Robert Wood, discredited engineer to inspect Elliot Lake mall before collapse, pleads 'not guilty' at trial

The only person criminally charged in the deadly 2012 Elliot Lake mall collapse has pleaded not guilty at trial in Sault Ste. Marie, Ont.

2 women killed in 2012 incident when part of rooftop parking deck crashed down on shopping centre

Discredited engineer Robert Wood is facing two counts of criminal negligence causing death and one count of criminal negligence causing bodily harm in connection with the fatal 2012 Elliot Lake mall collapse. (Colin Perkel/The Canadian Press)

The only person criminally charged in connection with the deadly 2012 Elliot Lake mall collapse pleaded not guilty at trial in Sault Ste. Marie, Ont., Tuesday.

Discredited engineer Robert Wood is facing two counts of criminal negligence causing death and one count of criminal negligence causing bodily harm.

The case is being heard in the Ontario Superior Court in Sault Ste. Marie by Justice Edward Gareau. 

You can follow the proceedings in the live blog below:

If you're having trouble viewing the blog, go here.

Wood signed off on a report declaring the Algo Centre Mall "structurally sound" just weeks before a portion of its rooftop parking deck caved in.

Two women — Lucie Aylwin, 37, and Doloris Perizzolo, 74 — were killed and more than a dozen others were injured. The northern Ontario community lost its economic and social hub. 

"I'm glad to see this trial proceeding, and thought it has been a long time coming," said Gary Gendron, who was engaged to Aylwin. 

"No trial or amount of money will bring back my fiancée, Lucie, or [erase] the horrible circumstances in which she passed. However, there needs to be ramifications for the negligent actions that have caused this tragedy."

Gary Gendron, who was engaged to victim Lucie Aylwin, will be attending Tuesday's court proceedings. (Yvon Theriault/Radio-Canada)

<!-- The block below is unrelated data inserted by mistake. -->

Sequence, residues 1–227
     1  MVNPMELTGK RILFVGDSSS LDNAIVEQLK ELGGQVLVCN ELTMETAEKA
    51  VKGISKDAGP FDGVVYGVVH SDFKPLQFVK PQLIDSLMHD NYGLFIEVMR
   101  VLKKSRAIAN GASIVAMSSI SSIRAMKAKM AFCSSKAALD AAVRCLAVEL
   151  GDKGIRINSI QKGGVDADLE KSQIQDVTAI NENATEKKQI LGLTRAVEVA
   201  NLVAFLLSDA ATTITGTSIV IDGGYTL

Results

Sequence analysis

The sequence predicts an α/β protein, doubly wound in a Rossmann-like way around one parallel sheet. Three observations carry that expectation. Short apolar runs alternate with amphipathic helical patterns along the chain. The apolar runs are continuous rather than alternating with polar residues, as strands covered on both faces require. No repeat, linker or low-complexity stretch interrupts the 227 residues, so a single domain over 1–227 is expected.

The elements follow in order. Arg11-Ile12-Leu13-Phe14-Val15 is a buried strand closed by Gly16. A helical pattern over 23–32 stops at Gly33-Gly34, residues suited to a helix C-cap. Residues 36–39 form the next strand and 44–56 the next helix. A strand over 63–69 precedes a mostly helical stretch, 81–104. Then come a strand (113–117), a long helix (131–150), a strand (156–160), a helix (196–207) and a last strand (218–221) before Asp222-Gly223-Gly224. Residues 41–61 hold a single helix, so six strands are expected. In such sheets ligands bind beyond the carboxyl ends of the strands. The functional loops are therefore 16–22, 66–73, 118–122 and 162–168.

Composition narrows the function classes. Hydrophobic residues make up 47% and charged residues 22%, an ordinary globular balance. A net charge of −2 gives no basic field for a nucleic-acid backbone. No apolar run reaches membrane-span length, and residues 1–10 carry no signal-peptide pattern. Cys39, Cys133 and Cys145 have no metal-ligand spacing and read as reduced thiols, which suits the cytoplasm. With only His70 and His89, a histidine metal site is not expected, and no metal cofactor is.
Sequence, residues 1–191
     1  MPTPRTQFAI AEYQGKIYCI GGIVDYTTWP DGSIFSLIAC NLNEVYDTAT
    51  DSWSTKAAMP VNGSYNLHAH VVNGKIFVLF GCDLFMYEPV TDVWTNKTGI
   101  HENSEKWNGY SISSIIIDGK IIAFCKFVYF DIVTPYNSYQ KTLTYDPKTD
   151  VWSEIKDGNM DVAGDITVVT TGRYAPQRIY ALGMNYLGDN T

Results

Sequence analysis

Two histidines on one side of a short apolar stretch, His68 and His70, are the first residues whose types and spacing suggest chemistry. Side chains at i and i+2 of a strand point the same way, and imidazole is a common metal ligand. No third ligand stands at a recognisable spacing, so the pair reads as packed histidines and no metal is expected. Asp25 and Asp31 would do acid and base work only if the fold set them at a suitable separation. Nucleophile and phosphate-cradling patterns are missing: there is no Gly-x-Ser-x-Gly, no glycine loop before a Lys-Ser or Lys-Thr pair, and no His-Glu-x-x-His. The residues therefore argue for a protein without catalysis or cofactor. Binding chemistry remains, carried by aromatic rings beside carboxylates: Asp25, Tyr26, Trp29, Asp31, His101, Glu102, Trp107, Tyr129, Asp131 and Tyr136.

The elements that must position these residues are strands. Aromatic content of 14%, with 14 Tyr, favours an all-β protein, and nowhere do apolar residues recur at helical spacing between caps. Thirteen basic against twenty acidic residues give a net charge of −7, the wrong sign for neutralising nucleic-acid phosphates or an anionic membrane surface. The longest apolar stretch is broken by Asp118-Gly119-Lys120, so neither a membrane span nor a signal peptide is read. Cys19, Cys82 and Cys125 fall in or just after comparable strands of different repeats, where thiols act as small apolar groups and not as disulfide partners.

'Markedly inferior'

Wood inspected the Algo Centre Mall in 2009 and 2012. He noted steel supports showed surface rusting, but there was "no visual distress."

In a public inquiry that followed the mall collapse, Commissioner Paul Belanger made special mention of Wood's work and conduct, calling it "markedly inferior."

"His work provided unfounded assurances that gave the mall owner a documented excuse to continue doing nothing," Belanger wrote in his 2014 report.

"His review was similar to that of a mechanic inspecting a car with a cracked engine block who pronounces the vehicle sound because of its good paint job."

Reports changed to appease owner

Wood admitted to changing his 2012 inspection report after he and his partner signed off. He omitted a photo that showed yellow tarps strung up to collect water that was leaking from the roof and a corroded steel beam. He also removed a reference to "ongoing" leakage. 

The changes were made, Wood told the inquiry, at the request of the mall's owner, Bob Nazarian, who was trying to refinance the building.

These changes constituted "misleading" and "unprofessional behaviour" by Wood, Belanger wrote. 

In a 2011 conversation relayed to the inquiry, Wood was cited telling a prospective buyer it would cost $1.5 million to fix the mall's roof and reportedly warned the structure had to be fixed or the roof would cave in.

Wood told the inquiry he could barely recall any such conversation.

'No additional anticipated charges'

Wood has expressed concern that the inquiry's findings could jeopardize his right to a fair trial.

Ontario Provincial Police do not anticipate laying any more charges in relation to the collapse unless new evidence comes to light.

The OPP does not anticipate laying any more charges in relation to the collapse, according to Det.-Supt. Dave Truax. (Yvon Theriault/Radio-Canada)

"There's always the possibility of someone coming forward with additional information or evidence," OPP Det-Supt. Dave Truax said. "But at this point in time, there are no additional anticipated charges."

Reminder for engineers to uphold public safety

The trial is not expected to have any implications with respect to the work of engineers, at least one expert said, but it will reinforce their responsibility to protect the public interest.

"This court case really serves as a reminder to engineers across the province that their duty to society is to regard the welfare of the public as paramount above their obligations to clients or employers," said Gerard McDonald, registrar of Professional Engineers Ontario.

"We're interested in any comments that the court makes regarding engineering and the public interest."

At his request, Wood's trial is taking place in Sault Ste. Marie, Ont. It is scheduled to last five months. 

If convicted, he could face a life sentence.

About the Author

Olivia Stefanovich

Senior reporter

Olivia Stefanovich is a senior reporter for CBC's Parliamentary Bureau based in Ottawa. She previously worked in Toronto, Saskatchewan and northern Ontario. Connect with her on Twitter at @CBCOlivia. Story tips welcome: